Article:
Liberal rules cutting into Wisconsin mallard, woodie numbers?

Wisconsin Rapids, Wis. — Although waterfowl populations have been high in recent years, there is concern from some hunters that mallards and wood duck numbers have slid downhill.

Now, whether those lower numbers stem only from liberal hunting regulations, other factors, or a little of everything, remains open for debate, according to some corners.

Jon Bergquist, retired DNR waterfowl ecologist, voiced his concerns over long seasons and liberal regulations beginning in 2014 and thinks that still could be the case.

“It sure appears that season length and bag limits in Wisconsin may play a major role in Wisconsin’s spring mallard and wood duck populations,” Bergquist said.

Taylor Finger, the DNR waterfowl ecologist who now works in Bergquist’s former role, isn’t as quick to lay all of that change on liberal regulations.

“Jon is correct, in that we have seen a decline in our mallard population; however, we can’t make the direct connection that hunting is what is driving that decline,” said Finger. “We have seen an 11 percent decline in hen mallard survival since the 1960s, with the majority occurring over the past 20 years.

“We have also seen a dramatic decline in CRP and nesting habitat in Wisconsin during that same period of time, with the combination of longer and earlier seasons since 1997 and a decline of 700,000 acres of CRP in 1994 to 230,000 in 2015,” he said.

Locally-raised mallards make up most of the daily bag for Wisconsin hunters. Any decline in local mallard populations could influence future duck hunting opportunities in Wisconsin.

The reason for concern is that survival rates for Wisconsin hen mallards have been declining over time.

“I think we need to continue to protect our hen mallards and further protect our hen woodies,” Bergquist said.

Bergquist said it is well documented that mallard hens have a very strong homing instinct to return and nest near their native marsh, whereas drakes generally pair up with a hen on the wintering grounds and follow the hen back to her native marsh.

“In response, we have taken one regulatory step and that is to maintain a one-hen mallard bag limit,” said Finger. “It is the best regulatory step we can take and still provide a 60-day season. We have continued to promote/support nesting habitat projects and conservative regulations.”

Waterfowl ecologists believe that about 70 percent of the harvest of mallards in Wisconsin is comprised of local mallards.

“To put this into perspective, Wisconsin has roughly 200,000 breeding mallards,” said Finger.

Compare that to 10.5 million breeding mallards continentally. The birds that make up the majority of Wisconsin’s harvest represent only 2 percent of the total continental breeding estimate so it is important that we recognize that the pool of birds we hunt and rely on is very small.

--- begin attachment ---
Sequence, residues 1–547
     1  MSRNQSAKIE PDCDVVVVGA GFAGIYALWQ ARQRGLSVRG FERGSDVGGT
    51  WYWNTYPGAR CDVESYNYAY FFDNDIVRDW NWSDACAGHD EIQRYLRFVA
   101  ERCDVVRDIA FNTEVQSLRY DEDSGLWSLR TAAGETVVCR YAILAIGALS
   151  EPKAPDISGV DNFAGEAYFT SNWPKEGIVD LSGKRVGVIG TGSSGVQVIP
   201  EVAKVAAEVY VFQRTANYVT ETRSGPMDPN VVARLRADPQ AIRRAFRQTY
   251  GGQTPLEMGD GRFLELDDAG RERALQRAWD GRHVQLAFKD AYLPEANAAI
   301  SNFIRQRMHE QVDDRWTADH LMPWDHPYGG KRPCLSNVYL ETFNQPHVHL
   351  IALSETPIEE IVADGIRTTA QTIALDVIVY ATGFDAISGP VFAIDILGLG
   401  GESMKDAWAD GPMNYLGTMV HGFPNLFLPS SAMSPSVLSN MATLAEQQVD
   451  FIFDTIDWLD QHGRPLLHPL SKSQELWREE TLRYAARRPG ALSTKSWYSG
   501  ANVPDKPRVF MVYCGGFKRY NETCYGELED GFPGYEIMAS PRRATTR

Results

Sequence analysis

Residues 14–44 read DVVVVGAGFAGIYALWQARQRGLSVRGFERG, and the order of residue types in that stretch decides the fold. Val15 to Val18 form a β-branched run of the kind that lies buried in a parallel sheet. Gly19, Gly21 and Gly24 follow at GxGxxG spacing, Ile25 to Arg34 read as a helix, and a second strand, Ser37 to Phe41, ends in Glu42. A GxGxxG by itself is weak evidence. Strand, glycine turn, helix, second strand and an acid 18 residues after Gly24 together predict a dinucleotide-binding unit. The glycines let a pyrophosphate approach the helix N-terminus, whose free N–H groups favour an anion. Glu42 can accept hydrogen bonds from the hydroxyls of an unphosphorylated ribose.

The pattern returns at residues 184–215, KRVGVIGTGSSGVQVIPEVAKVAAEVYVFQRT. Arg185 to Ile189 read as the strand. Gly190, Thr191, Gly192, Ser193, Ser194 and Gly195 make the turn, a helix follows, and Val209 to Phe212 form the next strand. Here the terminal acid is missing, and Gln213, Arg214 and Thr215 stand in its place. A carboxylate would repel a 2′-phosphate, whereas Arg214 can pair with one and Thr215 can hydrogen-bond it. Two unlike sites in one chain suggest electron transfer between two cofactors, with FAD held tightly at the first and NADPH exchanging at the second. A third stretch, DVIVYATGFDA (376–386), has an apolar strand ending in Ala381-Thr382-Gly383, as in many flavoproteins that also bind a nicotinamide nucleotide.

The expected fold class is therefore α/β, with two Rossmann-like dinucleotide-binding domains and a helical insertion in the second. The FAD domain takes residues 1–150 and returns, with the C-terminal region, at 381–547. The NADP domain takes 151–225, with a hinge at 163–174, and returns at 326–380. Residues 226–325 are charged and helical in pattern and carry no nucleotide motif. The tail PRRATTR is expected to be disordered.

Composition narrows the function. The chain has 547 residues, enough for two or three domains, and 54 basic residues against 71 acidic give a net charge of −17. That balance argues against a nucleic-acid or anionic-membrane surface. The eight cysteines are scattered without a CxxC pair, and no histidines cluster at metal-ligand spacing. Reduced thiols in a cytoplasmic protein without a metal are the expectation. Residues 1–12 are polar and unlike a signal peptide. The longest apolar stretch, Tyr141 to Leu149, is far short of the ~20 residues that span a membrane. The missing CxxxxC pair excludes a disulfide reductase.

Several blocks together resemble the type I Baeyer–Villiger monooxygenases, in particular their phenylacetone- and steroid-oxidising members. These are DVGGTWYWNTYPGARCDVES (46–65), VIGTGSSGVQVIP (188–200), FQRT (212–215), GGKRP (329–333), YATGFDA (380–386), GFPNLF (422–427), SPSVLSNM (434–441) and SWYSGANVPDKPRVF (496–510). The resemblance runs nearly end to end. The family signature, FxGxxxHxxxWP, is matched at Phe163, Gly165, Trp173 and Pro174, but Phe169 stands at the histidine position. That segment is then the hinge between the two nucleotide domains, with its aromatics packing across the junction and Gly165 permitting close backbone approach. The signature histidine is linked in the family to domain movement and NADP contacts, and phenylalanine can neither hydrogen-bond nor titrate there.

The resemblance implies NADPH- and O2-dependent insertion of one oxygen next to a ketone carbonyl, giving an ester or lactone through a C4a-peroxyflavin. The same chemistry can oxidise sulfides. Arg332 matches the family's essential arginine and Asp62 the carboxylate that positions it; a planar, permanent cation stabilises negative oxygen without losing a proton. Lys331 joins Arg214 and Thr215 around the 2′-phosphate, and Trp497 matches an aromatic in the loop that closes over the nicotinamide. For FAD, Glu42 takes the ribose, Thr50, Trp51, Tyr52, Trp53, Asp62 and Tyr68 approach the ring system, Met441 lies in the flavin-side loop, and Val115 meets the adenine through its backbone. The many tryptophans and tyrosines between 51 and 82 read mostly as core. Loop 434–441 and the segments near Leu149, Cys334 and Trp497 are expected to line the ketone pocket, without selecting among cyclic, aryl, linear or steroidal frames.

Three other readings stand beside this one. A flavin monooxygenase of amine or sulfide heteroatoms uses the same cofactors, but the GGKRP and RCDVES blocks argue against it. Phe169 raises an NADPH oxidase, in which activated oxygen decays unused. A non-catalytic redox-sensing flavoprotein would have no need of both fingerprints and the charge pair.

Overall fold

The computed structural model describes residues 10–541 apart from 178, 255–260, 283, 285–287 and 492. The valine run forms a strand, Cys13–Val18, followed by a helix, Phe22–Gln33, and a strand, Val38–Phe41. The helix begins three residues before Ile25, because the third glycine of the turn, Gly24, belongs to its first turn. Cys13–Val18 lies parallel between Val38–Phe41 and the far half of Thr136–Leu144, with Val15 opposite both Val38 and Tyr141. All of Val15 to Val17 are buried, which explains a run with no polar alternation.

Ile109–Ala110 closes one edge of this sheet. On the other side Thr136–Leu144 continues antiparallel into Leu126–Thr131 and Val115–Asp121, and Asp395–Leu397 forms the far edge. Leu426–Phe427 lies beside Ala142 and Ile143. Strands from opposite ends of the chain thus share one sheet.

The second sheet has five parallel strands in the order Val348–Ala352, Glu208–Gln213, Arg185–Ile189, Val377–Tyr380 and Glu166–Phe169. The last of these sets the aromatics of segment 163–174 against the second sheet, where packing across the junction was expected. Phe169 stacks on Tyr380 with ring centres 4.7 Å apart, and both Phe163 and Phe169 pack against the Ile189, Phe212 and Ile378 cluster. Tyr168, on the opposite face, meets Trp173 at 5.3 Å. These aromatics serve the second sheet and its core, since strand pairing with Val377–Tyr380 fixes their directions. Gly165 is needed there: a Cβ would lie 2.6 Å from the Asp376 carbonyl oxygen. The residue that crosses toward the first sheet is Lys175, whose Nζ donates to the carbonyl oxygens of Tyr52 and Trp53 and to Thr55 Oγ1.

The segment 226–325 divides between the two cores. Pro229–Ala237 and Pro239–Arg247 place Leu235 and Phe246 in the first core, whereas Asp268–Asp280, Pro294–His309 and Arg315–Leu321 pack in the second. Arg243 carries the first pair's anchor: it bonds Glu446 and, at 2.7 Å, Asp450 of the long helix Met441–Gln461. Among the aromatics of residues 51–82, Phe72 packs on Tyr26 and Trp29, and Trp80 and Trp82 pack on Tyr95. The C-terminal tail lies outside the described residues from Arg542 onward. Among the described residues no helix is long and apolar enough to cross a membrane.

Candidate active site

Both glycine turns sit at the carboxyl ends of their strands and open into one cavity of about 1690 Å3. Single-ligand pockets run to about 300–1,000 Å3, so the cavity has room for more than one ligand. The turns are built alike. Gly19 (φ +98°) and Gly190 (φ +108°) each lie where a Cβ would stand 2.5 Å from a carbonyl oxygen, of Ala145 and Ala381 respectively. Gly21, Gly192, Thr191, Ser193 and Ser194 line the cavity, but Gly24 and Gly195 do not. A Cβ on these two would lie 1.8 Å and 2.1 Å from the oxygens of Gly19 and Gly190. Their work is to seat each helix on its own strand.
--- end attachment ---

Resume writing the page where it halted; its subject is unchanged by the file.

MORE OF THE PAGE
That’s Bergquist’s point.

Bergquist said that the general package of waterfowl regulations offered by the U.S. Fish and Wildlife Service to states in the Mississippi Flyway is based on the mid-continent mallard population and the number of May ponds in prairie Canada.

The mid-continent mallard population is much larger than the smaller 176,200 estimated nesting mallards in Wisconsin.

“We don’t shoot that many prairie mallards,” Bergquist said. “We shoot our own mallards, yet the framework offered to our state is based on the mid-continent population.”

Wisconsin’s longer 60-day duck seasons began in 1997. Bergquist notes that Wisconsin’s breeding mallard population increased until 2000, but then has steadily decreased until its lowest points in 2014 and 2015.

Wood ducks, the No. 2 duck in the bag of Wisconsin hunters, have also been decreasing.

Bergquist notes that in 2008 the bag limit was increased from two wood ducks a day to three woodies daily. And, with the season opening earlier in northern Wisconsin, local woodies now face an extra week of gunning pressure and harvest.

“Jon is correct in that after a long-term increase in our wood duck population, we appear to have leveled out or may even be slightly declining,” said Finger. “Again, we do not have any information or confirmation that the change in the bag limit and 60-day seasons are driving this.”

The trend in breeding wood duck populations from 1997 to 2015 is decreasing, with the lowest numbers in 2015. Bergquist wonders if the longer season and larger bag limit could also be negatively impacting hen wood ducks.

“I don’t know if harvest is impacting our subsequent breeding populations but it is something to really be concerned about, because harvest can have an effect on populations,” Bergquist said.

“People don’t think harvest impacts things, and it doesn’t if you have the right set of regulations. But it can if your regulations are too liberal,” he said.

Bergquist is glad that Wisconsin has always kept the daily bag limit on hen mallards at one per day.

Bergquist urges the state to keep a cautious eye on the harvest trends of mallards and wood ducks in Wisconsin.

“Fortunately, we have a research study out of UW-Stevens Point with Dr. Jacob Straub and his graduate student Kali Rush who will be looking at Wisconsin wood ducks and factors that influence survivability,” said Finger. “This is going to be an important source of information to help us determine what could be potential sources of wood duck mortality.”